Raising the retirement age is not as straightforward as Retirement Commissioner Dianna Crossan is saying, as it would be harder for workers in manual jobs to keep working past 65, Prime Minister John Key says.
Key was replying to renewed criticism from Crossan in the last week that politicians were not doing enough to tackle the issue of an aging population. Crossan is calling for the retirement age to be raised by two months a year from 65 to 67 between 2020 and 2033, a policy Key, and Opposition leader Phil Goff, have repeatedly argued against. See Amanda Morrall's article last week on Crossan's criticisms.
Speaking on TVNZ's Breakfast programme this morning, Key said raising the age wasn't a straightforward exercise.
“If you’re in a desk job, it might be imminently possible that you could work to 66 or 67, and in fact, one in four people do work aged over 65 in some form or another – part time or full time," Key said.
"But actually, if you’re in a manual job, by the time you get to 65, that probably is a very legitimate age to retire. So it’s not quite as straightforward as saying across the board the age is just going up,” he said.
Asked whether National would look at look at these issues if re-elected, Key said he was comfortable with the current policy settings. However, there were a lot of other issues needed to be addressed in terms of an aging population, he said.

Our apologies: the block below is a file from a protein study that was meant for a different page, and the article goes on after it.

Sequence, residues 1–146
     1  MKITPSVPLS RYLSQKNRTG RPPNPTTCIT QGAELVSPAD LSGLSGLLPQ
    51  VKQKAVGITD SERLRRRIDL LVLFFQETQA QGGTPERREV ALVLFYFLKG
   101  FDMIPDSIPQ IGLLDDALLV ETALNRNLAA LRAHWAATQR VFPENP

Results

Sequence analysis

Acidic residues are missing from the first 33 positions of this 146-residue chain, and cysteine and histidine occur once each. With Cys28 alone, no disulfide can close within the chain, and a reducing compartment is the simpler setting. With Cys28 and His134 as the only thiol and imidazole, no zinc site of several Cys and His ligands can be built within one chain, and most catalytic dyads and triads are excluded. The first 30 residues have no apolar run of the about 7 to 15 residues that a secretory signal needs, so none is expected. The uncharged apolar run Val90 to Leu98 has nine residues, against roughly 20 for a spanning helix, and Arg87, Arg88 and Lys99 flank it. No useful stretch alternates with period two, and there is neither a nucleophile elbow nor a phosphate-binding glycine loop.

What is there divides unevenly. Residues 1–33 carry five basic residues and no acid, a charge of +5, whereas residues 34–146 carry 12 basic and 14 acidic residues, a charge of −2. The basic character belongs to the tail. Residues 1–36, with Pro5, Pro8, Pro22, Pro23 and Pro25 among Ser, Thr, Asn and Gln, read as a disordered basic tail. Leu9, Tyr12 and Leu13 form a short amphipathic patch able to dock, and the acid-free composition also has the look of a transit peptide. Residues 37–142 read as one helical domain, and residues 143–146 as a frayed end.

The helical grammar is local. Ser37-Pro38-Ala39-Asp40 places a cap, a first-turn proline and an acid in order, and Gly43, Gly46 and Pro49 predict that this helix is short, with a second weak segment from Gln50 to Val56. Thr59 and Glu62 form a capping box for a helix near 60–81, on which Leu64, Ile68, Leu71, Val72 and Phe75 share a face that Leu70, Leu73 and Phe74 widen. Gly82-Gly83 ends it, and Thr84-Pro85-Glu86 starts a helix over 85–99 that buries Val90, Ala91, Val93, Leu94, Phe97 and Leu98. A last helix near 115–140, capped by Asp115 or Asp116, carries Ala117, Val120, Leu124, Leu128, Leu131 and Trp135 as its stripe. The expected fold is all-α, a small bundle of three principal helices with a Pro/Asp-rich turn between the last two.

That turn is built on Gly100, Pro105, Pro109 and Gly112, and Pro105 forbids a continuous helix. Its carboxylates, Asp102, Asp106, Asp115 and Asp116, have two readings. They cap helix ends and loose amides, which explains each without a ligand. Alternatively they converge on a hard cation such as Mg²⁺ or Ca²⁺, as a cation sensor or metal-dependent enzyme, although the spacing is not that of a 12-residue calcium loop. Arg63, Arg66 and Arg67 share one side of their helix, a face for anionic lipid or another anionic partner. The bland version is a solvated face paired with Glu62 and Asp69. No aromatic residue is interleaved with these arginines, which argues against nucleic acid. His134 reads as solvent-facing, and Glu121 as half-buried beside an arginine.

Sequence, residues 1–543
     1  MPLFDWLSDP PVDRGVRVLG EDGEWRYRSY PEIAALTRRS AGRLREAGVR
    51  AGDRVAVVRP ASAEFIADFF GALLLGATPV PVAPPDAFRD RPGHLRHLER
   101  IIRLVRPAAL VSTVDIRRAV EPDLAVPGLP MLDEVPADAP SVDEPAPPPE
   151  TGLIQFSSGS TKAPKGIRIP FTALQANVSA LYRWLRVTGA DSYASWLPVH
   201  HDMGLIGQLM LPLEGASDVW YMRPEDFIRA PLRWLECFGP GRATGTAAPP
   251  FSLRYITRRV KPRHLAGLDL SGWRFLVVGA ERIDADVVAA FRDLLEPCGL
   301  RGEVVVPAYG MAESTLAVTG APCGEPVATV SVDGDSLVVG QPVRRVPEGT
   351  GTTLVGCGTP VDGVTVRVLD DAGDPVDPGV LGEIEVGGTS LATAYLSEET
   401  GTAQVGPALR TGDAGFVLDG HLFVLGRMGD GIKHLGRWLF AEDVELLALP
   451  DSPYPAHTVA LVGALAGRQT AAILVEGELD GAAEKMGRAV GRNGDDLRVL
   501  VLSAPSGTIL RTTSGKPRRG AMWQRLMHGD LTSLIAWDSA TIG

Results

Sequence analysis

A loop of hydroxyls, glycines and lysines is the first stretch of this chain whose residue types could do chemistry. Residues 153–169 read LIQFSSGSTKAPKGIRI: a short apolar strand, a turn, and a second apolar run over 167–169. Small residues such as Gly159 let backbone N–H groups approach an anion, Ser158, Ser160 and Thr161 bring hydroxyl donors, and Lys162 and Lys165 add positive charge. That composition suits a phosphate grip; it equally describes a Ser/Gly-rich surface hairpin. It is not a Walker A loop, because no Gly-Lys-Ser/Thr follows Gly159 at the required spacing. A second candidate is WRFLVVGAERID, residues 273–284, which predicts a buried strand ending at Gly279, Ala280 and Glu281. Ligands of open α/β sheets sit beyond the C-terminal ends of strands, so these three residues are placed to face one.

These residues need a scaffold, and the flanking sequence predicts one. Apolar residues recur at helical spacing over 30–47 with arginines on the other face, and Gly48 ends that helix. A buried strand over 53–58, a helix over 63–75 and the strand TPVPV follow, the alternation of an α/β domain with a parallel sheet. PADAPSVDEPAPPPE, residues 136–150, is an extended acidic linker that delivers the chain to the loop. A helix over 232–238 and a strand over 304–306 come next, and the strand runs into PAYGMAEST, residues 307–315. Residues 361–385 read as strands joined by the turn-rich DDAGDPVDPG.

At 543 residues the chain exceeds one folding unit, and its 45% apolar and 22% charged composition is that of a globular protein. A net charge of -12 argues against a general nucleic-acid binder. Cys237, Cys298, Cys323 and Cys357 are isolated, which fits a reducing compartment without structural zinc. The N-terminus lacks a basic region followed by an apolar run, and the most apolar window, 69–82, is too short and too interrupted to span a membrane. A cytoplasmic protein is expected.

“What she [Crossan] doesn’t talk about is health. So OK, pensions cost a few billion, health costs NZ$14.5 billion and what happens is, as we get older, we consume more healthcare costs," Key said.
“So what [Health Minister] Tony Ryall has done is move a lot of front-line services – more nurses, more doctors, more pharmaceuticals, a lot less in bureaucracy – so that we can actually produce much better results there. There’re a lot of gains to be made there – not necessarily just raising the age," he said.
In December 2010, the Retirement Commission made 17 recommendations which it thought should be made to New Zealand's pension scheme, including raising the retirement age by two months a year from 2020 until it reached 67 in 2033.
In parallel to that, the Commission argued a transitional means-tested pension should be introduced for those aged 65 unable to support themselves financially.